In the North Island, a few enthusiasts built gardens despite a lack of competitions. Some earned publicity in the Railways Magazine. A 1931 edition featured the station at Horopito, a small settlement on the main trunk line between Ohakune and National Park. The porter, M. Chapman, made a garden ‘under considerable difficulty, due to the presence of gravel’.[27] The Hawera Railway Station garden also featured in the magazine a number of times. A Wellington woman who described herself as ‘an old lady, very fond of flowers’, was moved to write to the stationmaster, Robert Allwright, after passing through Hawera on the train in the mid-1930s. ‘The bed of pansies and violas was wonderful and showed that even last summer’s heat had not killed them all, as in so many places. The hasty glance one had of other flowers made one realise that a real lover of God’s beauties must be trying to make one corner of His vineyard a place of joy and happiness.’[28] James Campbell, the Hawera mayor, was another fan: ‘Our citizens are as proud of the gardens as your own Department is’, he wrote.[29]

Hawera March 1937
Extensive gardens at Hawera Railway Station. New Zealand Railways Magazine, 1 March 1937.

Local pride was significant in the development of the station gardens. It was probably the chief motive behind the involvement of the Women’s Clubs, and was undoubtedly the chief motive in Canterbury, where station garden competitions were run by the Horticultural Society. The Society had already been running competitions for home gardens for some years when it started offering prizes for station gardens in 1929; factory gardens were also added to the schedule.[30] Under the guidance of this thriving society, the railway garden competitions survived the longest in Canterbury, continuing until the late 1960s. Roses remained a popular feature of station gardens in the region. When Papanui stationmaster Norm Chapple departed in 1970 he earned a headline in the local paper: ‘Pruned roses before leaving’. He was known for his success in the garden competitions.[31]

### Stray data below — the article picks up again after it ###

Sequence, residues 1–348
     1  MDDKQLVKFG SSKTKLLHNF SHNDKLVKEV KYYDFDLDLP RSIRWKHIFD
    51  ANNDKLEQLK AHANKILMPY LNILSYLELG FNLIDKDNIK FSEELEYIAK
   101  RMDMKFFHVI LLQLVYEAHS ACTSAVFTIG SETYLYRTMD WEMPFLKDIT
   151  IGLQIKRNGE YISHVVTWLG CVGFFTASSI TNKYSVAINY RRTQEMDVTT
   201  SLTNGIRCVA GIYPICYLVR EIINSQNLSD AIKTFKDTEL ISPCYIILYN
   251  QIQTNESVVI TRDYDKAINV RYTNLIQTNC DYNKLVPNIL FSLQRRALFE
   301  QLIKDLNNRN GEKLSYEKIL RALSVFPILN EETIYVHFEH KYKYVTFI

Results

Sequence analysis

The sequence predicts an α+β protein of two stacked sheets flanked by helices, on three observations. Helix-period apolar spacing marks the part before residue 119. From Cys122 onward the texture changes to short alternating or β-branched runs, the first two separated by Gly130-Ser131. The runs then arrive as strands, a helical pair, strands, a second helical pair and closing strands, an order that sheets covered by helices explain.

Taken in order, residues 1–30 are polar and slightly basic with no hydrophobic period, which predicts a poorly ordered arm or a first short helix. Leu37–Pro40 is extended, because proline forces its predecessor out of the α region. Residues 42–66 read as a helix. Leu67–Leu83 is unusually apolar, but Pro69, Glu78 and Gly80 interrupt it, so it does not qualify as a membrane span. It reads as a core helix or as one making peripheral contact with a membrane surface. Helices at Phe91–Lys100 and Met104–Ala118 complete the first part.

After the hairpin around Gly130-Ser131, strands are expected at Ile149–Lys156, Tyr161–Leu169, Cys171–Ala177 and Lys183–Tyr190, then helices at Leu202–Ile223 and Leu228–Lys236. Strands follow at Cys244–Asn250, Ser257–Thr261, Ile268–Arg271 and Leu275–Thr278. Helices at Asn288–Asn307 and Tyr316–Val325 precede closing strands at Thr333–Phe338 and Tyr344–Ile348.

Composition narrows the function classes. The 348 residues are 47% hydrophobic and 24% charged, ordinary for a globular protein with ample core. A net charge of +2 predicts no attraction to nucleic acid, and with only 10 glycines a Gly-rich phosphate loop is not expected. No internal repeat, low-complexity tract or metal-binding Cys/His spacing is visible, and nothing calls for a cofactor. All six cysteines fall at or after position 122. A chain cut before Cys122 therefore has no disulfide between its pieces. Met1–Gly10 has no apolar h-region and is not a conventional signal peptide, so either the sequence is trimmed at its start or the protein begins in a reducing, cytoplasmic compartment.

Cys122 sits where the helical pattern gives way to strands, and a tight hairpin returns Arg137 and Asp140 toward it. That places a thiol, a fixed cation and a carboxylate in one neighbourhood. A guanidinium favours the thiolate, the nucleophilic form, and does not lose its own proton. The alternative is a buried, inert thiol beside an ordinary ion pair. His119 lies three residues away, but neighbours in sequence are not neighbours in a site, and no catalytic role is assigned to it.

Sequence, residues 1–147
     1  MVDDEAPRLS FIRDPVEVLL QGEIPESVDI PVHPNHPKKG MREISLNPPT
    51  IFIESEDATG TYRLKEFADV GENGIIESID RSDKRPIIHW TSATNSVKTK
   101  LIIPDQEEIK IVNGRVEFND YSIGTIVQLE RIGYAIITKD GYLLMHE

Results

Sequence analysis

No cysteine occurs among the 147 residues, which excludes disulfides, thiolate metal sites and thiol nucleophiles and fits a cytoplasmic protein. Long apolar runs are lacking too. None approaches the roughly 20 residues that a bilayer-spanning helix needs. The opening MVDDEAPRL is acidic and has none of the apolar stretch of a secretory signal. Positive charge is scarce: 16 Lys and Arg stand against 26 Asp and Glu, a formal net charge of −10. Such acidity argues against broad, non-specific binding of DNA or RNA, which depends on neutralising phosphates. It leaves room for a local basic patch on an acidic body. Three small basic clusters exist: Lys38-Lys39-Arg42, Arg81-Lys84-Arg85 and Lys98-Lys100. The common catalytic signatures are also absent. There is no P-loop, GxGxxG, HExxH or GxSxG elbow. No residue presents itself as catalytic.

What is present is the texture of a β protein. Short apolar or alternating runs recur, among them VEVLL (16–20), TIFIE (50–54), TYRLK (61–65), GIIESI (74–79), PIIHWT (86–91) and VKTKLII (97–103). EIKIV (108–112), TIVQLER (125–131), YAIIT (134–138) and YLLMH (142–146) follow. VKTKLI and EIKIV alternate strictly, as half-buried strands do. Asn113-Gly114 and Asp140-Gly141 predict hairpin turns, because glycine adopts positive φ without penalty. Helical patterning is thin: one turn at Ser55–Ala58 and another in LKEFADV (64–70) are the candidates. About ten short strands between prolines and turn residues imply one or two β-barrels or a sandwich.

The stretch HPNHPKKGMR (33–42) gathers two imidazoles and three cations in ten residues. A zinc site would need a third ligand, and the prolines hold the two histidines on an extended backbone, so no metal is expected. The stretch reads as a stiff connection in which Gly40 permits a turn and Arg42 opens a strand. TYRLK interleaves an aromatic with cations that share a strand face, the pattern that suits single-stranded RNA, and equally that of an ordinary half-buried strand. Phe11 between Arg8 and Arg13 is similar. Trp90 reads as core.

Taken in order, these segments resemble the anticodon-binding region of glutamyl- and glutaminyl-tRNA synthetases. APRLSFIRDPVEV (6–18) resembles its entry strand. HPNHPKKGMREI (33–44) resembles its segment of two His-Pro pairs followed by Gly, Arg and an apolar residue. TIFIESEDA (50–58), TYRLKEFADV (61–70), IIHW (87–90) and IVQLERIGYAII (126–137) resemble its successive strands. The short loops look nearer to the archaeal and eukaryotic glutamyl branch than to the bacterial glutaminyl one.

The Otago competitions ended in 1948: when there were no entries, the Women’s Club withdrew its cup and it does not seem to have made any effort to revive the competition.[32] If railway workers were losing interest in gardening for their employer, the removal of the competition exacerbated that. I can only speculate about why workers lost interest in station gardens. In the post-war period, many New Zealanders turned their attention to home life; presumably railwaymen were among them. Gardening in their own patch may have held more appeal than gardening at work. The growth of the union movement, together with the industrial tensions of the 1950s, perhaps made voluntary work for an employer less acceptable. A growing range of new pastimes also competed for people’s leisure hours. One of the most time-consuming, television, arrived in New Zealand in the 1960s.